Wildlife & Biodiversity

Polar bears feed on dolphins as the Arctic warms

According to scientists, global warming is driving the dolphins north, where the bears are feeding on them for the first time

 
By DTE Staff
Last Updated: Monday 17 August 2015 | 09:15:36 AM

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Norwegian scientists have come across polar bears feasting on dolphins in the Arctic for the first time and blame global warming for the bears expanding their diet, according to news reports.

Polar bears mainly feed on seals, but Jon Aars, a research scientist at the Norwegian Polar Institute (NPI), has photographed dolphins being devoured by a bear and published his findings in the latest edition of Polar Research, an international journal, this month.

“It is likely that new species are appearing in the diet of polar bears due to climate change because new species are finding their way north,” he was quoted by the AFP as saying.

The finding

Aars’ team first came upon a polar bear feeding on the carcasses of two white-beaked dolphins in April 2014 at Raudfjorden on the Norwegian Arctic archipelago of Svalbard. 

Although dolphins are regularly seen in the Norwegian Arctic during the summer months when the ice melts, they have never been observed during winter or spring when the sea is usually still covered by sheets of ice.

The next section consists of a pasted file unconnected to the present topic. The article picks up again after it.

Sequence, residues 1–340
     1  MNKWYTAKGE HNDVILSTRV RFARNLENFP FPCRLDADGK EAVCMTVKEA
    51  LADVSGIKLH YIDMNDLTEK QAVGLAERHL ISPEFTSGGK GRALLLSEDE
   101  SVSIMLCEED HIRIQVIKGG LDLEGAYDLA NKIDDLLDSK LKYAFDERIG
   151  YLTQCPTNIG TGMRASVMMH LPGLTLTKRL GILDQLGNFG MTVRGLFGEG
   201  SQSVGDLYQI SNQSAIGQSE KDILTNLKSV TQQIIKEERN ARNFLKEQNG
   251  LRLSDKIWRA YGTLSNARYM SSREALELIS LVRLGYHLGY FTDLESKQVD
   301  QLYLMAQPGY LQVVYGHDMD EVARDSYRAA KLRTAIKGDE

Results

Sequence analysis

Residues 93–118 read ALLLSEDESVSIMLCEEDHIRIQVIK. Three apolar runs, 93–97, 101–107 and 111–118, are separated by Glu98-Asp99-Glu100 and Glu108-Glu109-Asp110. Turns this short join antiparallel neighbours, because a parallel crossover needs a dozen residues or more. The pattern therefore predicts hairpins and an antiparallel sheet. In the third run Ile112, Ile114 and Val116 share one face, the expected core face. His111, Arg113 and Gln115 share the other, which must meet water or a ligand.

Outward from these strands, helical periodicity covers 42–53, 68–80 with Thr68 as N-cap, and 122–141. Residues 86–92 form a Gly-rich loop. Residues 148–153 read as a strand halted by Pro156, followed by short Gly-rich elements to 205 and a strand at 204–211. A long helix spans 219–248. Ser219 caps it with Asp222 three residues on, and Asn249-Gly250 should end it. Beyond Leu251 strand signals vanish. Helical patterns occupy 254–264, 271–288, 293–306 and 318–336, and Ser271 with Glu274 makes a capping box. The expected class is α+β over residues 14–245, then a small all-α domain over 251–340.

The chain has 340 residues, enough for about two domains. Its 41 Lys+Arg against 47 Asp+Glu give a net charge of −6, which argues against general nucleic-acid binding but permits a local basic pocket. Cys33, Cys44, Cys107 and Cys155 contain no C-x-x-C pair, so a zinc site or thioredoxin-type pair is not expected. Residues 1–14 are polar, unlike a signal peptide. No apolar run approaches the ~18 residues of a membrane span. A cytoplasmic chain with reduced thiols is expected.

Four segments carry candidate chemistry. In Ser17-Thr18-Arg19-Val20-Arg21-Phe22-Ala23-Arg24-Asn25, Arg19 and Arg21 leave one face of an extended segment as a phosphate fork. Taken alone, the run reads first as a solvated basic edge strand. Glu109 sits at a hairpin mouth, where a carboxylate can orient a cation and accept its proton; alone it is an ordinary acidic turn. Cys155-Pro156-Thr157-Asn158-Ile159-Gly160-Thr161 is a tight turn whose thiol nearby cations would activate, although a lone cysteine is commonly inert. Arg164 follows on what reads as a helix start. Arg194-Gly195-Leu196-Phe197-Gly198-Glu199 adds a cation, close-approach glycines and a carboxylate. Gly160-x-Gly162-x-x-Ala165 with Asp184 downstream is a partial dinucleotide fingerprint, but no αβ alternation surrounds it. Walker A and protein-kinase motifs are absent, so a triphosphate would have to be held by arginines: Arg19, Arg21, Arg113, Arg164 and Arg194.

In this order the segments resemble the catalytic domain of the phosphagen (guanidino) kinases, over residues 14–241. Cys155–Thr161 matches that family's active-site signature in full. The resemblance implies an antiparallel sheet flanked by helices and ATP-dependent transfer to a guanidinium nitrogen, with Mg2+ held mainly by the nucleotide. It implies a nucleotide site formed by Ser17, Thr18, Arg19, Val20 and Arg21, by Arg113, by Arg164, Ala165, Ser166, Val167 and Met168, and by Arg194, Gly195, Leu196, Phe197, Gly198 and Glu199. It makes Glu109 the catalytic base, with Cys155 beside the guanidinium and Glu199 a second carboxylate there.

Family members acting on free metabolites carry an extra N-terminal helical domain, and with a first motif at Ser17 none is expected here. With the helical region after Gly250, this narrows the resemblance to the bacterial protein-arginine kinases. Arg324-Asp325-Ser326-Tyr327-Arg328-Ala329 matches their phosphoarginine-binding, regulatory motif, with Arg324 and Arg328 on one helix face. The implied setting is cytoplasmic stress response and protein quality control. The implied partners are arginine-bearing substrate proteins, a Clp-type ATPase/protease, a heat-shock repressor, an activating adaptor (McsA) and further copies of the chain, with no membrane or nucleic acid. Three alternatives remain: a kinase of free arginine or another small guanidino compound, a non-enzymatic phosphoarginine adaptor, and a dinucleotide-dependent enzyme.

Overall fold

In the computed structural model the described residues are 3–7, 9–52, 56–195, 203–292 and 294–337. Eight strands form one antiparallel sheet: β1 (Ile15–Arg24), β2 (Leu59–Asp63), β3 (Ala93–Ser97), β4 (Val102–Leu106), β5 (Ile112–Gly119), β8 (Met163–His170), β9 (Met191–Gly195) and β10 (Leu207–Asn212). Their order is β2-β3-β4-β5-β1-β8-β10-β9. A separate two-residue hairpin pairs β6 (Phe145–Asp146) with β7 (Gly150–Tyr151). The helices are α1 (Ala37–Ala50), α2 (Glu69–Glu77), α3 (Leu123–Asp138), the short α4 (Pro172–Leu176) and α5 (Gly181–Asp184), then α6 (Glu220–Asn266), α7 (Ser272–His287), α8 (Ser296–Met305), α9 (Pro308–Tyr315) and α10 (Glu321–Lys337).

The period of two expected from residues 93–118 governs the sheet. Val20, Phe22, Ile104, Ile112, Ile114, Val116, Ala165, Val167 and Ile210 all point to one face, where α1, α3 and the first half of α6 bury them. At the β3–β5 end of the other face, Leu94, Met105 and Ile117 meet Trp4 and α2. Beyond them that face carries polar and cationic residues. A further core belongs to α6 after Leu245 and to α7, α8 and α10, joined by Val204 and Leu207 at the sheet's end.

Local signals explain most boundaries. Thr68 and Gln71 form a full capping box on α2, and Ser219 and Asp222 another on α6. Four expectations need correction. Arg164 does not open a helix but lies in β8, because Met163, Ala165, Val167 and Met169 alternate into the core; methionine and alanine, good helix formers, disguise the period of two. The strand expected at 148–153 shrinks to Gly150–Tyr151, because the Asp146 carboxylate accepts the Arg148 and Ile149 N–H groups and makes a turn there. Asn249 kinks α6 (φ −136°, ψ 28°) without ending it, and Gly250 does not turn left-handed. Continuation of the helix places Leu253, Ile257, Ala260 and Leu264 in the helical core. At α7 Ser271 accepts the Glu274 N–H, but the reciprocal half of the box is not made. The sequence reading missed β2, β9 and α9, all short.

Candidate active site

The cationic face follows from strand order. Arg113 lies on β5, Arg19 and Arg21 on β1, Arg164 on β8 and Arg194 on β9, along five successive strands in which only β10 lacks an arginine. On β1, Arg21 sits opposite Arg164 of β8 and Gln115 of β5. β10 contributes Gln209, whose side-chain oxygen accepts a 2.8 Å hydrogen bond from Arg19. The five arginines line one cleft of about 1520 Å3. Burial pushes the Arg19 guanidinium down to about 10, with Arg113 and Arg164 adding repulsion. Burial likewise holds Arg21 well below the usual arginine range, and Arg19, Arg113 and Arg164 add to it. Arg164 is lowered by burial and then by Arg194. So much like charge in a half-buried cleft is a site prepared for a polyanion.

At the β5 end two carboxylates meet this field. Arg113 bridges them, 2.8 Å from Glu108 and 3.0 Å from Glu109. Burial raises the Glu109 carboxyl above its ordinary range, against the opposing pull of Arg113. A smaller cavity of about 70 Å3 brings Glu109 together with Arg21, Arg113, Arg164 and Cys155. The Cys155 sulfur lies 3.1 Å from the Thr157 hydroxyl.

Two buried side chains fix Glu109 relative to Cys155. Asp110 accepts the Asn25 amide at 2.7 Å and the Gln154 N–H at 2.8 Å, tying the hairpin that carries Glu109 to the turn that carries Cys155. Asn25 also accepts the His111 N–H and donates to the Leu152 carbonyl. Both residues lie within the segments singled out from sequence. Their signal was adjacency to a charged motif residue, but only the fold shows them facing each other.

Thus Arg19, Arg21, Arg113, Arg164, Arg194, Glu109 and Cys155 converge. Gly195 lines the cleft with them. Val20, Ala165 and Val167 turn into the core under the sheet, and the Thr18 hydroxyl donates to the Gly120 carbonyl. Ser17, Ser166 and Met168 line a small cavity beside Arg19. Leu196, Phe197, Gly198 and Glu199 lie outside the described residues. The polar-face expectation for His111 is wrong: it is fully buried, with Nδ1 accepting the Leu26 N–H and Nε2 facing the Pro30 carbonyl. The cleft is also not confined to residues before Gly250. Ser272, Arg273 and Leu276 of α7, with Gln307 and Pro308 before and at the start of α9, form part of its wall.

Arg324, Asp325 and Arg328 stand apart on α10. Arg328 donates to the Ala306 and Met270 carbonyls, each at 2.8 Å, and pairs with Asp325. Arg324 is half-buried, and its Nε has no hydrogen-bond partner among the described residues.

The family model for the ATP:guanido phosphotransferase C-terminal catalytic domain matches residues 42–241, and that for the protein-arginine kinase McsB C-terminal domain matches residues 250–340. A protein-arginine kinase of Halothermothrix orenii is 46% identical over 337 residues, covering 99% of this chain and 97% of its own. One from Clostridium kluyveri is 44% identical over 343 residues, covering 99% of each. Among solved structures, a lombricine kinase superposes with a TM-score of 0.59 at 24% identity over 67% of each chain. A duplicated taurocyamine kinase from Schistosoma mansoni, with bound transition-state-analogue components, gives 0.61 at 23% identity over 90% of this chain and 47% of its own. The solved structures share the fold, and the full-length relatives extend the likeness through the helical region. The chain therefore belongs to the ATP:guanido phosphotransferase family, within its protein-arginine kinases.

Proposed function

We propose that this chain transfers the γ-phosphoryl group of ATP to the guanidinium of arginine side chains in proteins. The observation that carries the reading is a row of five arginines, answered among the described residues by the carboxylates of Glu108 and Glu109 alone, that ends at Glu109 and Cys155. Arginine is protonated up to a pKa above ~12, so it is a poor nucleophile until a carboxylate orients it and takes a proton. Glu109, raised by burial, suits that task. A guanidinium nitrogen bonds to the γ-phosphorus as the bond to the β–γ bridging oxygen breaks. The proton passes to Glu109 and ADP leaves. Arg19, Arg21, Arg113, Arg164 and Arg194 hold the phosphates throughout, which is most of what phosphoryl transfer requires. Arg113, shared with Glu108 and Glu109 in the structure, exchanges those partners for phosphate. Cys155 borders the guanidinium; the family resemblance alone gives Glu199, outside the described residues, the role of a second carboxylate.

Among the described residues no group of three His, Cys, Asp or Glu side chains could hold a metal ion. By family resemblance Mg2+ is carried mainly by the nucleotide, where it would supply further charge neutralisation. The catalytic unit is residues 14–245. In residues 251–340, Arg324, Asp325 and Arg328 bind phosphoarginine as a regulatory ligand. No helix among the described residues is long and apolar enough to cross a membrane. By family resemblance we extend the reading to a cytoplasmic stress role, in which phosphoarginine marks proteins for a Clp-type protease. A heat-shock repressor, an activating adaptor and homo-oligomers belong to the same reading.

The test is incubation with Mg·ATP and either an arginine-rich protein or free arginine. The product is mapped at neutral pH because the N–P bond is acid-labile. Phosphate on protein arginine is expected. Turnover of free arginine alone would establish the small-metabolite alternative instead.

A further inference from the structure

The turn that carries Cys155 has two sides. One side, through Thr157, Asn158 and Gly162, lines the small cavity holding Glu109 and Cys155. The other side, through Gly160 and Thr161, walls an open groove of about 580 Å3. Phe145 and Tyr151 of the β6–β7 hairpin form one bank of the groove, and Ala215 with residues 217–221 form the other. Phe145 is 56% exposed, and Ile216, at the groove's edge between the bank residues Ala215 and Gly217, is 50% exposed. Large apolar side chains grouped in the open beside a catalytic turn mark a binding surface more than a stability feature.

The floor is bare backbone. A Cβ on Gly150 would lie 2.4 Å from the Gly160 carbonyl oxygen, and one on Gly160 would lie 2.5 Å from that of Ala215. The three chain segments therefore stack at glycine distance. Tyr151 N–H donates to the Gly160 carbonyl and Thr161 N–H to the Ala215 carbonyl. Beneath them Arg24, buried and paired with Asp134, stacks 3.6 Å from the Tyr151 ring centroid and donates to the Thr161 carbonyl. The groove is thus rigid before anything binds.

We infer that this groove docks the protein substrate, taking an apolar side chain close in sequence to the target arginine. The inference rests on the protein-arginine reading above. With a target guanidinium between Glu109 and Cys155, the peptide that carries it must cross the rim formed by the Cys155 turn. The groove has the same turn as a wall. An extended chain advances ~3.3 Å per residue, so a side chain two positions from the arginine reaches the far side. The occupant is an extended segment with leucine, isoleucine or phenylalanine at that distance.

But Norwegian scientists have reported a strong retreat of ice and two nearly ice-free winters in recent years which they said could have attracted the dolphins further north, where they probably became trapped by the sudden arrival of dense ice blown into a fjord by strong northerly winds.

In Aars’ photos, a visibly skinny old male bear is seen devouring one of the dolphins and appeared to have stored a second one under the snow for later.

After the first incident in 2014, a further five cases of dolphins stranded or captured and then eaten by bears have been reported.

“It’s just that the polar bear is coming into contact with species they have not been used to meeting until now,” Aars added.

Sitting at the top of the Arctic food chain, polar bears are opportunistic predators and are also known to feed on small whales if the opportunity arises.

 


White-beaked dolphins trapped in the ice and eaten by polar bears

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